Baby smiling in safe car seat

September Shines a Spotlight on Baby Safety

September is Baby Safety Month, a time dedicated to raising awareness about the importance of keeping our youngest family members safe and secure. As a parent, ensuring your child’s well-being is paramount, but that can be especially daunting and nerve-wracking with babies.

In this blog post, we’ll explore essential baby safety tips and guidelines to help you create a secure environment for your little ones.

Safe Sleep Practices

One of the most critical aspects of baby safety is ensuring your infant sleeps safely. Follow these guidelines to create a secure sleep environment:

  • Always place your baby on their back for every sleep, including naps. This reduces the risk of sudden infant death syndrome (SIDS).
  • Use a firm and flat mattress in a crib or bassinet that meets current safety standards. Avoid placing your baby on soft surfaces like sofas or armchairs.
  • Keep the crib bare. Remove all soft bedding, pillows, stuffed animals, and bumper pads from the crib. These items can pose suffocation hazards.
  • Share the room, not the bed. While it’s recommended to room-share with your baby for the first six months, avoid bed-sharing to prevent accidental suffocation or entrapment.

The Academy of Pediatrics offers more information on how to keep your sleeping baby safe here.

Childproof Your Home

Your home can be a potential hazard zone for curious toddlers. Childproofing with the tips below is crucial to keep them safe.

  • Install safety gates to block off stairways and rooms with potential dangers.
  • Secure heavy furniture like bookshelves and dressers to the wall to prevent tip-overs.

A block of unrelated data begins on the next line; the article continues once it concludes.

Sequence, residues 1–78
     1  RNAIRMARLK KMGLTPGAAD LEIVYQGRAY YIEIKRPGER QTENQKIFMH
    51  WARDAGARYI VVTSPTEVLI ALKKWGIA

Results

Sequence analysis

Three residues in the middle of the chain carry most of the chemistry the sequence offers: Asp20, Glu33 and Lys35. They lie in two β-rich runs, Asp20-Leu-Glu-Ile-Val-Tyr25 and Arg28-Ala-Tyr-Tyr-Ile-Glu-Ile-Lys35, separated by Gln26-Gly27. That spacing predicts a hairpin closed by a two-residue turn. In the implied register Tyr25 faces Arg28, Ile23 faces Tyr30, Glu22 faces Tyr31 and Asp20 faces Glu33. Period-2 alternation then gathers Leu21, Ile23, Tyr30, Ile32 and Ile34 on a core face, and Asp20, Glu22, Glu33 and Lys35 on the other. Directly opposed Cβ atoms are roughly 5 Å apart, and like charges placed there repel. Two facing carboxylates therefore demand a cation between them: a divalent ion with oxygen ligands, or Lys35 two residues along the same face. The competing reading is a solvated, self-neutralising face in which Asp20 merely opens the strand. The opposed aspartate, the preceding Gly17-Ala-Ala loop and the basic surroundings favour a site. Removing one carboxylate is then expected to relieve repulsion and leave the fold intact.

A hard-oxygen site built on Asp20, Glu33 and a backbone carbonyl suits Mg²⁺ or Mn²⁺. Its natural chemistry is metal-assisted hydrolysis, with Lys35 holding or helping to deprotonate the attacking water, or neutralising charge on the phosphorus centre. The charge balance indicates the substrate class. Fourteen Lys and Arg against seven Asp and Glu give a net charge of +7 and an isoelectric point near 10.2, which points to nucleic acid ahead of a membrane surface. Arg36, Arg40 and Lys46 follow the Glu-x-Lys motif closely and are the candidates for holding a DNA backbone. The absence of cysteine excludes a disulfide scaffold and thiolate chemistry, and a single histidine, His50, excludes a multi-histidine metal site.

• Cover electrical outlets with childproof covers to prevent electrical accidents.
  • Install cabinet and drawer locks to keep hazardous items like cleaning supplies out of reach.
  • Install window guards or locks to prevent falls and keep blind cords out of reach to prevent strangulation.

A full list of ideas to keep your babies and young children safe is available from the Consumer Product Safety Commission.

Car Seat Safety

Properly installed car seats are essential for your child’s safety while traveling. Keep these tips in mind:

  • Select a car seat that is appropriate for your child’s age, weight, and height. Follow the manufacturer’s guidelines for installation.
  • Keep your child in a rear-facing car seat until they outgrow the seat’s height or weight limit, as recommended by the American Academy of Pediatrics.
  • Ensure the harness straps are snug and secure, with the chest clip at armpit level.
  • Car seats have expiration dates which can be affected by the manufacturer’s production methods, whether the seat was involved in a car wreck and more. Be familiar with what to look for with this article.

Want to learn more? offers a great list of virtual resources and links to local in-person resources.

On the Go Safety

Keeping baby safe when you’re not in the car or at home involves being mindful of things like:

  • Never leave your child unattended in a stroller. Always keep them within view.
  • Buckle up baby every time — even just for short strolls — and use restraints properly.
  • Keep baby’s hands clear when unfolding and folding strollers.
  • Be mindful about what you put in the parent accessory trays, such as hot coffee, so it doesn’t accidentally spill onto baby and cause burns or bruises.